Artist Damien Hirst burns 1,000 of his paintings as part of his project “The Currency” 

On October 11th, one of Britain’s most well-known conceptual artists, Damien Hirst, started burning hundreds of his paintings after selling a series of non-fungible tokens (NFTs). 

Hirst, who found fame in the 90s Young British Artist Scene for preserving dead animals, launched his first NFT collection, “The Currency” – a collection of 10,000 NFTs that correspond with 10,000 of his original artworks – in July 2021.

The artist asked buyers who bought pieces from his latest collection to choose between the original artworks or the NFTs representing them. Those who chose the NFT meant that the corresponding painting would be burned. 

According to London’s Newport Street Gallery, the buyers were split almost evenly, with 5,149 picking the physical artwork and 4,851 opting for the NFT. 

Last year, NFTs soared in popularity as crypto-rich investors seized the opportunity to cash in on rising prices; however, sale volumes have recently seen a significant decline. 

The NFTs representing Hirst’s multi-coloured dot paintings reportedly sold for $2,000 (£1,800) each. 

Before each physical painting was burned, Hirst presented it to the camera to log its unique code to keep track of every piece being burned. It is estimated that the works Hirst burned are collectively worth almost £10 million.

When asked how he felt about burning his works, Hirst replied, “it feels good, better than I expected.” 

The artist posted on Instagram,  “A lot of people think I’m burning millions of dollars of art but I’m not, I’m completing the transformation of these physical artworks into NFTs by burning the physical versions, the value of art digital or physical which is hard to define at the best of times will not be lost, it will be transferred to the NFT as soon as they are burnt.” 

In the rapidly moving world of digital assets, NFTs are a new type of asset that can be commodified. However, the methods of producing NFTs can be highly energy-intensive and harmful to the environment.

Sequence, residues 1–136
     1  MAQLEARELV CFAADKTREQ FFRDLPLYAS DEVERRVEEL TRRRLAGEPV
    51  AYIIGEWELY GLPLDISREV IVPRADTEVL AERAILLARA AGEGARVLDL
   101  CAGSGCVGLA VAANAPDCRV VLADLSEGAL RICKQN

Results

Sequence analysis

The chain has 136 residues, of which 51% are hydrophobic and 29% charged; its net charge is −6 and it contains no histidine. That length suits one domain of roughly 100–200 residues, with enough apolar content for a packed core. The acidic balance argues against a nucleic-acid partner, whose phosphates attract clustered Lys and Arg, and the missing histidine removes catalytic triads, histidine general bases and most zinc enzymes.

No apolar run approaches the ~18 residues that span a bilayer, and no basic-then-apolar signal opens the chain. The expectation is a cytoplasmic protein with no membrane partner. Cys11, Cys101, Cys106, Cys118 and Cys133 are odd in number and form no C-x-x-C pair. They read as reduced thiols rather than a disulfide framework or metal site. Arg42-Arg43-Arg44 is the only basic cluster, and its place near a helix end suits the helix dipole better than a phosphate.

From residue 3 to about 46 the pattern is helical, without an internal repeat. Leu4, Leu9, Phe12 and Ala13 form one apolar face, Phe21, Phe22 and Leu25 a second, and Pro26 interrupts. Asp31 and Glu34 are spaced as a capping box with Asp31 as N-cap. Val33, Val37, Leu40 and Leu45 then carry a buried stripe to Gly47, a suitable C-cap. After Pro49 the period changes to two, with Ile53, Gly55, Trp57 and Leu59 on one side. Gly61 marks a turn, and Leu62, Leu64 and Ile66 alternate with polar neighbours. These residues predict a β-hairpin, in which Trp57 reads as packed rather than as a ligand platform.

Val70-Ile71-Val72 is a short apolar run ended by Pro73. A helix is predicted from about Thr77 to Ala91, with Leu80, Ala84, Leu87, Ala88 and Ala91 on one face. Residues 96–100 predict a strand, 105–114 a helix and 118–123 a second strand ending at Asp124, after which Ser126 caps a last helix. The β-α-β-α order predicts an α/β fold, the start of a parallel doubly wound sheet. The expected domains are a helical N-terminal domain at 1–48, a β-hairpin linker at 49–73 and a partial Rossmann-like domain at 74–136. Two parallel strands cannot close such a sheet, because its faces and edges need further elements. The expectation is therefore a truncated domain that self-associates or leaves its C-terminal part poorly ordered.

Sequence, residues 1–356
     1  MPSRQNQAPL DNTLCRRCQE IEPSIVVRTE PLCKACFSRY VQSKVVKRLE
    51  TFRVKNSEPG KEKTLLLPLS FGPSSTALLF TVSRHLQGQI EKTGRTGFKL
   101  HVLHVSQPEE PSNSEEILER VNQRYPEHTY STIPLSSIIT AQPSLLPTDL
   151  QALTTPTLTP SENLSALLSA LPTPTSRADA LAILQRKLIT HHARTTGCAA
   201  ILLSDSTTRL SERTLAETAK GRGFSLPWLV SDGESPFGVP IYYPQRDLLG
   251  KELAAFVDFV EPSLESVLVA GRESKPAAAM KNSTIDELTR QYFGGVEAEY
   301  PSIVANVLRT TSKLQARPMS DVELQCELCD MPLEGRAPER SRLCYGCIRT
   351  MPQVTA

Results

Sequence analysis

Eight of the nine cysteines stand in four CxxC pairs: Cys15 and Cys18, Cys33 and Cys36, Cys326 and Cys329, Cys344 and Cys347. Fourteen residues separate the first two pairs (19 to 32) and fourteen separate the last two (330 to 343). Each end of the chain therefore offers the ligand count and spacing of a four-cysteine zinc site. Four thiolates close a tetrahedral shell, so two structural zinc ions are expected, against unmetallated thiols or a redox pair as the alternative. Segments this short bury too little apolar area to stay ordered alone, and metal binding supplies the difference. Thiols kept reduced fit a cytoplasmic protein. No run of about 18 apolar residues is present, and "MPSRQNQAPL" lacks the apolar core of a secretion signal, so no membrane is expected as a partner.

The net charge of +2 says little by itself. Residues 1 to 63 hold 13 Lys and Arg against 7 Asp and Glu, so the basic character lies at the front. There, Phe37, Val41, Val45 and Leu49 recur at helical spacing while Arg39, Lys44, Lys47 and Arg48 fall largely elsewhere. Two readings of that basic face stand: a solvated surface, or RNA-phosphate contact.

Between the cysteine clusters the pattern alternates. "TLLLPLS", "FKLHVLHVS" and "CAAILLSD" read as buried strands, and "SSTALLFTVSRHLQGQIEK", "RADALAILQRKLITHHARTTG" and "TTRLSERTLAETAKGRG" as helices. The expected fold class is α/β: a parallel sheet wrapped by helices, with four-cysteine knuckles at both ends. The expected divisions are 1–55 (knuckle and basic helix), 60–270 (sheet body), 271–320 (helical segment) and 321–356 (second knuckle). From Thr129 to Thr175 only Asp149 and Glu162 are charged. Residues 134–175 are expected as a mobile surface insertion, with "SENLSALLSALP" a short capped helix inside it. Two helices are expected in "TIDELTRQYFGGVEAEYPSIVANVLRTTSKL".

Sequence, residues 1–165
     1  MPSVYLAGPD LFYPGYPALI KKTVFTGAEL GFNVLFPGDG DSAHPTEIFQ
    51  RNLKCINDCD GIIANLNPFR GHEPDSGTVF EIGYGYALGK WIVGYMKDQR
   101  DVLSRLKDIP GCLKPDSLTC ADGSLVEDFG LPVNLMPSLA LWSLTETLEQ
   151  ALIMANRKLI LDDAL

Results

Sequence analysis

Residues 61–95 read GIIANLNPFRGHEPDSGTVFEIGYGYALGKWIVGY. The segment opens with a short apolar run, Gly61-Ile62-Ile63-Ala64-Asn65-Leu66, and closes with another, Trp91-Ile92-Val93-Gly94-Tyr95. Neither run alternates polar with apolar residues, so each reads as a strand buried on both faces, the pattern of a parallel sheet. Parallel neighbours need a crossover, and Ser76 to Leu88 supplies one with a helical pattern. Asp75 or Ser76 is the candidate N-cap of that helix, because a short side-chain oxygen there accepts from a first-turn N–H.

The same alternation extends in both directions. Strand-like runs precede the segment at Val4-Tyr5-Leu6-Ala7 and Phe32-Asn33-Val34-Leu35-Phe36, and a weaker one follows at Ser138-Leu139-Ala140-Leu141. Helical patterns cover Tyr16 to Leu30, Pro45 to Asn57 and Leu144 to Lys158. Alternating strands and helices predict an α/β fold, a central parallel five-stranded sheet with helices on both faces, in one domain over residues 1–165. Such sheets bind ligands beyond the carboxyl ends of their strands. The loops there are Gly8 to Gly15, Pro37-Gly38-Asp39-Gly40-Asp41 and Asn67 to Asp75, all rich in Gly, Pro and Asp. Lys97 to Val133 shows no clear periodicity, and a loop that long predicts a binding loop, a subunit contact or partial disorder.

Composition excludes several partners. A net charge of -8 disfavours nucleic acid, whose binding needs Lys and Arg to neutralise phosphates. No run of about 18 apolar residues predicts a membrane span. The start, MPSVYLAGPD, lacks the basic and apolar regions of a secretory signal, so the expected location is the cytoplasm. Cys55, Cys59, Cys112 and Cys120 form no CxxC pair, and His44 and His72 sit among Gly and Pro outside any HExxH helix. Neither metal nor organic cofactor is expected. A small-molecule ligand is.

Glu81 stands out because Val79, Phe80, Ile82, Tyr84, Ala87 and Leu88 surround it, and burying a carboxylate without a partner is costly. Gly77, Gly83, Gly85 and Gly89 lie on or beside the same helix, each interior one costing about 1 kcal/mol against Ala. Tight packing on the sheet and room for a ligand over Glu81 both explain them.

One user commented on Hirst’s post, “either way, it’s all about the money”.  Another user said, “interesting strategy of maxing the carbon footprint for this collection.”

The artist is no stranger to critical remarks and is one of Britain’s most controversial artists. Known for his work preserving animals with formaldehyde in glass tanks, such as sharks and cows, Hirst’s concepts continue to leave critics divided. 

This recent stunt is no different, with some critics in the art world viewing the NFT burning with admiration and others criticising him for flaunting his wealth amidst the cost of living crisis. But knowing Hirst, it’s unlikely that public scepticism will ever put a stop to his controversial antics.

If anything, Hirst’s NFT project is an insightful experiment into the value people put on physical art compared to digital art.

The project’s outcome shows that fans of Hirst still appreciate NFTs despite the declining market and that around the same amount of crypto collectors appreciate physical art as much as they do digital.

Main image: One of Damien Hirst’s multi-coloured paintings burns at the Newport Street Gallery in London as part of his project “The Currency.” Isabel Infantes/AFP via Getty Images